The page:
LCC to Meet President Weah to Discuss Economic Challenges

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Due to a number of difficult banking issues facing the country, the Liberia Chamber of Commerce (LCC) after an emergency Executive Council (EC) meeting on Tuesday, January 22, voted unanimously to reach out to President George Manneh Weah and his Economic Management Team (EMT) to find timely solutions to the economic challenges faced by the country.

The LCC said before meeting President Weah it wants to meet the Bankers’ Association of Liberia to be followed by another meeting with the Central Bank of Liberia (CBL).

The Council, in its deliberation on the challenges in the banking sector, concluded that the exercises would be more productive from a bird’s eye view on policy, banking and economic issues rather than taking a sector isolated approach.

Fundamental issues affecting the economic growth and development of the country must be addressed holistically and timely to sustain the economy and create 20,000 to 30,000 new jobs, the LCC said.

The Executive Committee of the LCC represents the voice of the business community.

In consideration of the proposed meeting with President Weah and his economic team, the LCC is requesting the government to order the Liberia Revenue Authority (LRA), National Port Authority (NPA), Global Tracking & Maritime Solutions (GTMS), APM Terminals (AMPT), Environmental Protection Agency (EPA), and the National Public Health Institute of Liberia (NPHIL) to suspend the introduction and/or implementation of any new or recently activated levies and/or fees on their books or those being administered by service concession contractors.

The “Chamber” in representation and partnership with the Liberian Business Association (LIBA), Liberia Marketing Association (LMA), Fula Business Association (FBA), the World Lebanese Cultural Union (WLCU), Liberia Bankers Association (LBA), Patriotic Entrepreneurs of Liberia (PATEL), Liberia Agriculture Companies Association (LACA), concessionaires and others, are the lead implementers of the Government of Liberia’s Pro-poor Agenda for Development and Progress (PADP).

Therefore, the LCC takes note of the issues at hand: high prices, multiple taxes, levies/fees; foreign exchange; labor unrest; judicial challenges; concessions; high unemployment; etc. The LCC said it looks forward to a genuine partnership with government to move the economy forward.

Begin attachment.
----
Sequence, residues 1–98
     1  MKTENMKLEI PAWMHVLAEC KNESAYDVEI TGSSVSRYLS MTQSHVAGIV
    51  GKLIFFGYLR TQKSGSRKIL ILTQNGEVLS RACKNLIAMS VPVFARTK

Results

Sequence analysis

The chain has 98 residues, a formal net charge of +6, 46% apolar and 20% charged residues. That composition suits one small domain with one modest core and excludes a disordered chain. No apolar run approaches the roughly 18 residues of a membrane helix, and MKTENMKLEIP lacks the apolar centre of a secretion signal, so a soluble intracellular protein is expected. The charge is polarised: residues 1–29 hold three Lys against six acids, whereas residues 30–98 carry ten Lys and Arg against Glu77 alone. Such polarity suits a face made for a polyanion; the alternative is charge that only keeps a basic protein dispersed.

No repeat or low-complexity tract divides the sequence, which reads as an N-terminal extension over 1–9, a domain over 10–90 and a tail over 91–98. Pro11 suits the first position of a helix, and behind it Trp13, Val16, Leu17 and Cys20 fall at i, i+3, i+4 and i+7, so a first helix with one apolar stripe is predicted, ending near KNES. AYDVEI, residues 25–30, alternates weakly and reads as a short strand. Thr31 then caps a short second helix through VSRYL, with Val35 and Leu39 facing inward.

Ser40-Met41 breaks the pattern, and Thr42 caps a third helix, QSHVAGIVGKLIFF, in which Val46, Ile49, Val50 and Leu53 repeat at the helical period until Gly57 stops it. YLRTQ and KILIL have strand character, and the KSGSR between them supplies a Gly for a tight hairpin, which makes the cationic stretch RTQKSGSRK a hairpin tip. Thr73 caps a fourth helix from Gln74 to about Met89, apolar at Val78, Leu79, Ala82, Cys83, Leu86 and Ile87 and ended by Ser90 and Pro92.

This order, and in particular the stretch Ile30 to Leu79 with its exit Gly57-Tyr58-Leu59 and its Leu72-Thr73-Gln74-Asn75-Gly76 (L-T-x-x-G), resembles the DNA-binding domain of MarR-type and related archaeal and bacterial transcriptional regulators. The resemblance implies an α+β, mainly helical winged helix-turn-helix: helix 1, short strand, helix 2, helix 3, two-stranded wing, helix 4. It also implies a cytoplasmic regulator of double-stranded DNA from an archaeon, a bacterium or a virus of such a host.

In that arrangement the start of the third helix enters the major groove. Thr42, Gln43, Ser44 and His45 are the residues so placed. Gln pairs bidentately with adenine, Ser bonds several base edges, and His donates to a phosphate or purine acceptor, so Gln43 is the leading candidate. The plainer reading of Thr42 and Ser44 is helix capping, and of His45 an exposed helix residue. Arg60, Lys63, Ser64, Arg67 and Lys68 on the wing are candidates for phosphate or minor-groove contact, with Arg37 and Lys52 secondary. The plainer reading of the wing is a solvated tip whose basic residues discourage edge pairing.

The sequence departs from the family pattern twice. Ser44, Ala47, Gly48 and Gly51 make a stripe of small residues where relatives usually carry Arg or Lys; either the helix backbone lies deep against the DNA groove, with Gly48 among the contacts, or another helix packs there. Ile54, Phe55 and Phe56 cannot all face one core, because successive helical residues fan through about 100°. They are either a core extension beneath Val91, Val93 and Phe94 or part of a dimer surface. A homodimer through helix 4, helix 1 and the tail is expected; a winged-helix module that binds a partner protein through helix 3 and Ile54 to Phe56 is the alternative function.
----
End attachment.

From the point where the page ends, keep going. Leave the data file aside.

The LCC said it is committed to forging a new partnership with the government to uplift Liberians and Liberian businesses through employment, mentorship, and empowerment.

“We are committed to promoting and supporting a balanced economy that positions Liberians as participants in the economy. We are doing so by our actions. The LCC sponsored LIBA and PATEL members to participate in the African Growth & Opportunity Act (AGOA) Trade Fair in the USA, and with contribution and support from the Government of Liberia, the second trade fair in Egypt. The Chamber is working to secure medium-term credit from abroad to support local manufacturing, processing and assembly in Liberia,” according to an LCC press release.

Working with the minister of finance, the LCC is leading the coordinating process to obtain the Africa Trade Insurance coverage for Liberia for the purpose of providing investors’ confidence to forge ahead with investment opportunities in Liberia. It is worth noting that the chamber has intervened in the past years in advising the government on various national economic issues.

In 2008, the LCC developed the Market Price Index with the Ministry of Commerce at the outset of the world financial crisis that emanated from the west; the chamber recommended tax relief on essential commodities, e.g. the annual executive order renewal of the 2.00 USD tax relief on rice; in 2009, the chamber held a national symposium on the theme: looking beyond the global financial crisis– the search for innovative solutions, the statement said.

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